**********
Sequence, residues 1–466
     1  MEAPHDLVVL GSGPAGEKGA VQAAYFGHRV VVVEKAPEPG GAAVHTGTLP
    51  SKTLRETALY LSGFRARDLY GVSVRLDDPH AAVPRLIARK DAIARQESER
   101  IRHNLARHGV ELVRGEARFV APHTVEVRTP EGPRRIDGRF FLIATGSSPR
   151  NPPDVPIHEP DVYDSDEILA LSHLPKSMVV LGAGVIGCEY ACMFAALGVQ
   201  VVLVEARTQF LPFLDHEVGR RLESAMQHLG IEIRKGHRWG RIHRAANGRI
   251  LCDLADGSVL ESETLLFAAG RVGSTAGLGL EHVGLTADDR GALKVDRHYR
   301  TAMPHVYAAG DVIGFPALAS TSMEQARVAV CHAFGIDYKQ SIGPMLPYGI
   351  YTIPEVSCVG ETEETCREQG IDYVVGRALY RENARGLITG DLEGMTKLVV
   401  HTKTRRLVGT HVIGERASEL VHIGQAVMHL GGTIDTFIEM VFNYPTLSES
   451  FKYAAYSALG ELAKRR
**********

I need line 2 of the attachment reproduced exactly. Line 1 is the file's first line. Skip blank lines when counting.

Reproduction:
     1  MEAPHDLVVL GSGPAGEKGA VQAAYFGHRV VVVEKAPEPG GAAVHTGTLP